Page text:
How is dating different in your 30’s than in your 20’s? According to Dr. Kristen Carpenter, Director of Women’s Behavioral Health at Ohio State’s Wexner Medical Center, it is where work-life balance starts to become the top priority. Women who want love and family tend to start wondering how they will fit it all in, while still killin’ it in their careers. How then should you approach the dating game, with all these goals already in mind? Jenna Birch from Self.com has some pointers for us:
1. Redefine Your Priorities
In your 20s, you were probably dreaming up what would be the pinnacle of your career life, because, why not? A manager by the age of 28? A business owner by 35? Everything seems possible when you set your mind to it! However, if marriage and children come into the picture at some point, then you have to reach a compromise with yourself.
“You have to decide how much time you can give to each of your priorities, and how much of yourselfyou want to give to each priority,” says Carpenter. “As professional opportunities start to arise, you’ll have to make decisions. Maybe you’ll take a slightly lesser position to be closer to family, or scale back on those 60-hour workweeks to devote more time to your relationship life.”
2. Identify What You’re Looking For
Most of us are probably a bit romantic about potential partners in our 20s. You might even have had some sort of “list” for what you want in a guy. But after a decade of trial and error, butterflies in our stomachs or heartbreaks, perhaps we have a better idea of who we want and need in our lives. Moreover, we might also become more realistic in our expectations of our partners. Chance meetings might be romantic in the moment, but a person with attributes to complement yours is romantic long-term.
“You can’t wait for serendipity to intervene or simply say, ‘It will happen when it happens,'” says Boston-based dating coach Neely Steinberg, author of Skin in the Game. “You have to put in the time, effort and energy—even when you feel like throwing in the towel or avoiding it altogether and that means not just getting out there dating, but really understanding what and who you are looking for on a deeper level, and not the superficial stuff.”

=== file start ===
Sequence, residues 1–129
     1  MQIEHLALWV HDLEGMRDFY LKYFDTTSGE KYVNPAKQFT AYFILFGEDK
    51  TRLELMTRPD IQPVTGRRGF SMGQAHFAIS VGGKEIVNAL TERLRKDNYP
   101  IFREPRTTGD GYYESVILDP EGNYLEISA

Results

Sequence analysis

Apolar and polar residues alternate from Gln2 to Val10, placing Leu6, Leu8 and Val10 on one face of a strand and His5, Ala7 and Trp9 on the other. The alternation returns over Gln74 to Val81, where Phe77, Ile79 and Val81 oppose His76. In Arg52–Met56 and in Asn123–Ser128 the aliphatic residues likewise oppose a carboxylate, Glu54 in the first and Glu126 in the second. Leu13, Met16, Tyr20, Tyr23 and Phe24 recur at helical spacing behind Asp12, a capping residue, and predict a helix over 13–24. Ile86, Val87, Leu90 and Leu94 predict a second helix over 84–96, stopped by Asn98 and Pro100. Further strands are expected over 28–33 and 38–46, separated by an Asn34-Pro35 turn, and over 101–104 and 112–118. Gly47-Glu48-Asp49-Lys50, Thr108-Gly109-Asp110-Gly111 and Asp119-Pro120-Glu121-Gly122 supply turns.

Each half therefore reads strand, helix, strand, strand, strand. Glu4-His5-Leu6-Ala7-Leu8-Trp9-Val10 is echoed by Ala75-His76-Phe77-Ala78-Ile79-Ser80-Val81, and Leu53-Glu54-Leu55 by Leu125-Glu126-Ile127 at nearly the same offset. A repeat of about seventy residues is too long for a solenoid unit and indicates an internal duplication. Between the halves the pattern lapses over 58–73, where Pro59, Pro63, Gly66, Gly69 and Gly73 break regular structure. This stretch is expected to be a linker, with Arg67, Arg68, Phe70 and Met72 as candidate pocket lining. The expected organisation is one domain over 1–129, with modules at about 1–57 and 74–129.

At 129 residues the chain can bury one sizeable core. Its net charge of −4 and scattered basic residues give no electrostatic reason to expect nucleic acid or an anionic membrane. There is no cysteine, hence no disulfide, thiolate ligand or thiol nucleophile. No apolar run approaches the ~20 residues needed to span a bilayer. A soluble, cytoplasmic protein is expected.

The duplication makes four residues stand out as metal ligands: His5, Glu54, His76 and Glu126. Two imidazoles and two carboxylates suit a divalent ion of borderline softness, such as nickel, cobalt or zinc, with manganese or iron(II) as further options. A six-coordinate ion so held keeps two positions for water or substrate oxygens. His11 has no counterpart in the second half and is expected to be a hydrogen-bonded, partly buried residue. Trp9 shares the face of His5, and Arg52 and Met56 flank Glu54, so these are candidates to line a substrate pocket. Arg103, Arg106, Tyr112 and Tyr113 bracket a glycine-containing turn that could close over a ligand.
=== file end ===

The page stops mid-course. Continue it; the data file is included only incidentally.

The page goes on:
3. Put Forth Strategic Effort
The best way to do this is to approach this part of your life with as much intention and effort as you would your friendships or career. Actively position yourself to meet like-minded people who are likely looking for stable, long-term relationships.
Steinberg says this might mean: getting online or taking online dating more seriously (really read those profiles!); actually putting yourself out there at events and activities where you’re likely to meet people; tapping into your network of friends for set-ups; and so on. “It’s about taking action, in more ways than one,” she says. “Doing so will help you create what you want to create in your life—instead of just passively waiting for him or her to find you.”
4. Swiftly Identify (and Ditch) the Dead-Ends
You’ve probably met your fair share of partners who would qualify for your own personal What Was I Thinking? file but don’t beat yourself over those mistakes. Now that you (hopefully) know a red flag when you see it, don’t let that knowledge bank of toxic partners go to waste. If you’re looking for marriage or biological babies, says Steinberg, your job is to recognize poor fits early and often. “Don’t spend years, or even months, with people who are clearly commitment-phobic, wish-washy or emotionally unavailable,” says Steinberg.
However, it is important to take time to know someone and not rush things through. “It takes time to discover your feelings, for them to discover theirs, to build an emotional bond, and to see the person is consistently trustworthy, reliable, kind, emotionally available and sensitive to your needs.” says Steinberg. If after all this time they still don’t seem to be someone you want to settle down with, perhaps it is time to end things cordially.
5. Set Better Boundaries
Think about what didn’t work in your earlier dating years in terms of fostering personal and relationship growth. Think about what did. Get specific about the choices you made and what might need to change.
Specifically, the key is in establishing smart boundaries. “For instance, if you’ve been really career-focused, spending time with other people might be tough,” Carpenter says, “Eventually, you have to decide how reachable you want to be.” This could mean anything from stopping all work communication at a certain hour every night to finally calling your city “home,” instead of always having one foot out the door.
Steinberg’s bottom line for single 30-somethings is that they can do themselves a big service by owning up to what they want in life and committing to it. “You may wake up at thirty-five and think, ‘Wait, where did the time go? Why didn’t I spend more time focusing on this aspect of my life?” Seek out and nurture a new balance, especially as you progress into that third decade of adulthood.